The destruction left from last year’s tornado season has spurred officials in Kansas and Missouri to invest in safe rooms which would shelter their local residents from dangerous weather events.
According to the Homeland Security News Wire, the Garrison Community Center in Kansas City is set to build a safe room this summer, partly funded by FEMA grants. The safe room is capable of housing 1,300 people and it will withstand powerful tornadoes, said Bob Lawler, project manager for the Kansas City Parks & Recreation Department.
Meanwhile, Emily Dunavent, American Tornado Shelter Association VP and director of development for Atlas Safe Rooms, told HSNW that her company has seen increased interest in safe rooms from a variety of cities and businesses.
As HSNW reports, officials in Crocker, Missouri last week opened up a new school cafeteria which also functions as a safe room. It is capable of withstanding tornado winds of up to 250 mph and can be hit by a 67 mph projectile vertically and 100 mph horizontally.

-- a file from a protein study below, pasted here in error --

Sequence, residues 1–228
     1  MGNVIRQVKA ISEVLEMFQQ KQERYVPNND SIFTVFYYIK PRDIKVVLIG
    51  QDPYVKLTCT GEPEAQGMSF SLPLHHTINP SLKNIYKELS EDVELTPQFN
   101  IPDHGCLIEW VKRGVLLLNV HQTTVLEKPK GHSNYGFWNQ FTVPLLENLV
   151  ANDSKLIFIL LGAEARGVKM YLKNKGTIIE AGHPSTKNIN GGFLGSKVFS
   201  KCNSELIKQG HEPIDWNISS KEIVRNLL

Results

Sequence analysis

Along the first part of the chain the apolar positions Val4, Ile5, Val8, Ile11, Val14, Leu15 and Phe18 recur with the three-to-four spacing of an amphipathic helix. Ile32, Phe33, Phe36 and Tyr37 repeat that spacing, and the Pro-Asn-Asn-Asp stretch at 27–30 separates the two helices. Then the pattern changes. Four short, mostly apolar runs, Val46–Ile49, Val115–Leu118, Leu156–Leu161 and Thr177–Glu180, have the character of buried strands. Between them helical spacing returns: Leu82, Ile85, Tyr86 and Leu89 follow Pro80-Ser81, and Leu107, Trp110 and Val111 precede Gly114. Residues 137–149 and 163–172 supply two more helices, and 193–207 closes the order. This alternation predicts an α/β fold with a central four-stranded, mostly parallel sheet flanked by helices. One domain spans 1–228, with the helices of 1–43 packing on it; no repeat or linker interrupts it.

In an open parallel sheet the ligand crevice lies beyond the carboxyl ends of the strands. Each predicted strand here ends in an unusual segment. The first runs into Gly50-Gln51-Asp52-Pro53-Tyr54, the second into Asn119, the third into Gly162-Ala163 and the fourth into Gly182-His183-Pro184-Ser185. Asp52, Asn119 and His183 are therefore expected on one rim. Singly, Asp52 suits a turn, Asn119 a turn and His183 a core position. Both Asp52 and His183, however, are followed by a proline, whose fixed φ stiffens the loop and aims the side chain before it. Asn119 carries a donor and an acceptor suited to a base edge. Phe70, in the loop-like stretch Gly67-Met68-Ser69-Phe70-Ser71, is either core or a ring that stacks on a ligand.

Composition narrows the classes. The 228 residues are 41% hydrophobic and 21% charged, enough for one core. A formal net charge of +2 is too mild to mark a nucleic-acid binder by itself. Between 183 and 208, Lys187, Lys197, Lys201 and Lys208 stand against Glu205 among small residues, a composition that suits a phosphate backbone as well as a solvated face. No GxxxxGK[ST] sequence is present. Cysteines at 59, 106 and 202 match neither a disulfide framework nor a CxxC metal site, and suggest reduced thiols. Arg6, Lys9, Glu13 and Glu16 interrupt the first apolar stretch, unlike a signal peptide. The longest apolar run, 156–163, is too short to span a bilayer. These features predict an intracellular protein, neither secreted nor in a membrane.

“If you read the sign outside, it is hundreds of miles per hour wind this building could take from a direct hit by a tornado… if you look at the steel beams, the concrete, it is unreal,” Crocker R-II School Board President Kris York said. “In Joplin, 116 people lost their lives because they had no place to go.”
According to a Kansas City Star article cited by the HSNW, schools remain a popular choice for safe rooms, but FEMA funding has resulted in safe rooms being built in a number of other public buildings, such as a juvenile detention center and Public Works buildings.
Read more: http://www.homelandsecuritynewswire.com
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